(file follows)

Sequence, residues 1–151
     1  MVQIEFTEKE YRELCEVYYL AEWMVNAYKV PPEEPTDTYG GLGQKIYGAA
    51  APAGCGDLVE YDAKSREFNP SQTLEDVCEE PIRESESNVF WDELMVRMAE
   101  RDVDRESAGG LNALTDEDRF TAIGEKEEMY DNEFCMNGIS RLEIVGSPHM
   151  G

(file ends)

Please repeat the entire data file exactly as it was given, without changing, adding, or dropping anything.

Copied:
Sequence, residues 1–151
     1  MVQIEFTEKE YRELCEVYYL AEWMVNAYKV PPEEPTDTYG GLGQKIYGAA
    51  APAGCGDLVE YDAKSREFNP SQTLEDVCEE PIRESESNVF WDELMVRMAE
   101  RDVDRESAGG LNALTDEDRF TAIGEKEEMY DNEFCMNGIS RLEIVGSPHM
   151  G